December 24, 2019

The Best American Sparkling Wines to Try This Holiday Season

Sunset Logoby Matt Bean

“The 100 percent tariff threat on French Champagne shouldn’t be the only reason you seek out American sparkling wine—stateside producers have come into their own, as shown by this selection of bottlings.”

2009 Argyle Extended Tirage Brut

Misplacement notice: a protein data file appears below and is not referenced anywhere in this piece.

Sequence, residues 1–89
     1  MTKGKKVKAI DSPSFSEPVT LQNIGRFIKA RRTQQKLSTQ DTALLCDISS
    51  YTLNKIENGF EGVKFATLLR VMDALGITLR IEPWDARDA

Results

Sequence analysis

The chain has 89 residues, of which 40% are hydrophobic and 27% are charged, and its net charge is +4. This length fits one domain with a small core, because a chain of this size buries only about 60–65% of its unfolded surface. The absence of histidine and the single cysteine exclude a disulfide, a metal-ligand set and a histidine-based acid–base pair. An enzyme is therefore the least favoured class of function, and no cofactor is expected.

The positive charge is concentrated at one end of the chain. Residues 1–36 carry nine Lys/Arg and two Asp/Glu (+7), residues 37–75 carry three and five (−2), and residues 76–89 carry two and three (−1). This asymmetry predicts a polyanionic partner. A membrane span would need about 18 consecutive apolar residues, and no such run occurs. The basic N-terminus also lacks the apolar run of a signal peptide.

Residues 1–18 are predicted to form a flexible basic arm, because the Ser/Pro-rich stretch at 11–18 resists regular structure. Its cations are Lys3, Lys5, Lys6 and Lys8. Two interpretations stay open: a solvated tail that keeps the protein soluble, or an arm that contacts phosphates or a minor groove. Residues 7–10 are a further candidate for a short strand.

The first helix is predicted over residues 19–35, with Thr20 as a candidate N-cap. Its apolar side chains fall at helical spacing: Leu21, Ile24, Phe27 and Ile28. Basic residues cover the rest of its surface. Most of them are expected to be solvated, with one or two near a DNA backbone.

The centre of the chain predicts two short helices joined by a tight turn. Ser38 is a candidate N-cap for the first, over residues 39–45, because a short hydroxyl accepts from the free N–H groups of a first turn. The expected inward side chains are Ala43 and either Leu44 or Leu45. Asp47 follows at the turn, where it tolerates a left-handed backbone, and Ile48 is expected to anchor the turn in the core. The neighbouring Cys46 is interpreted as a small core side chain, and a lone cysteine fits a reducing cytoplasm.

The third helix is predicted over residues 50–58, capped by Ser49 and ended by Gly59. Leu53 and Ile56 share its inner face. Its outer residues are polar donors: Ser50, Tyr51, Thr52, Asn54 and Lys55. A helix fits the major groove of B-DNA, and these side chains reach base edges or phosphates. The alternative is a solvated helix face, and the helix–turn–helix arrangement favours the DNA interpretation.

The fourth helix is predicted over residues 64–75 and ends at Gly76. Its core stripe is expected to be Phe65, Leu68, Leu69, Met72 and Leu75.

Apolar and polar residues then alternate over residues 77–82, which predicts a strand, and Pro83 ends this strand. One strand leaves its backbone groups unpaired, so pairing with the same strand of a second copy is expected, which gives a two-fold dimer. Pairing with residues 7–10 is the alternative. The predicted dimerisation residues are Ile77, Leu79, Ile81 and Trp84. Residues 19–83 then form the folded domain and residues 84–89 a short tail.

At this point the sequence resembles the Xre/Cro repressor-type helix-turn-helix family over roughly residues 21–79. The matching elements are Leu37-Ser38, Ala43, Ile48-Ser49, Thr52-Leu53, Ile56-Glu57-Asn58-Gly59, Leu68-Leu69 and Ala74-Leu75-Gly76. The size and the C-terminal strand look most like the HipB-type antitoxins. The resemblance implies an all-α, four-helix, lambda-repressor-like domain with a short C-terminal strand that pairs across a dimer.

The practice of tirage, or aging a wine on its yeast or lees, confers complexity to a sparkling wine as the yeast is ‘autolyzed,’ or broken down. Traditional Champagne must be aged at least 3 years, and most producers extend the process to between five and eight years. That’s why this 10-year-Tirage bottle is worth seeking out for a splurge. You’ll get amplified brioche characteristics along with poached quince and currants.”

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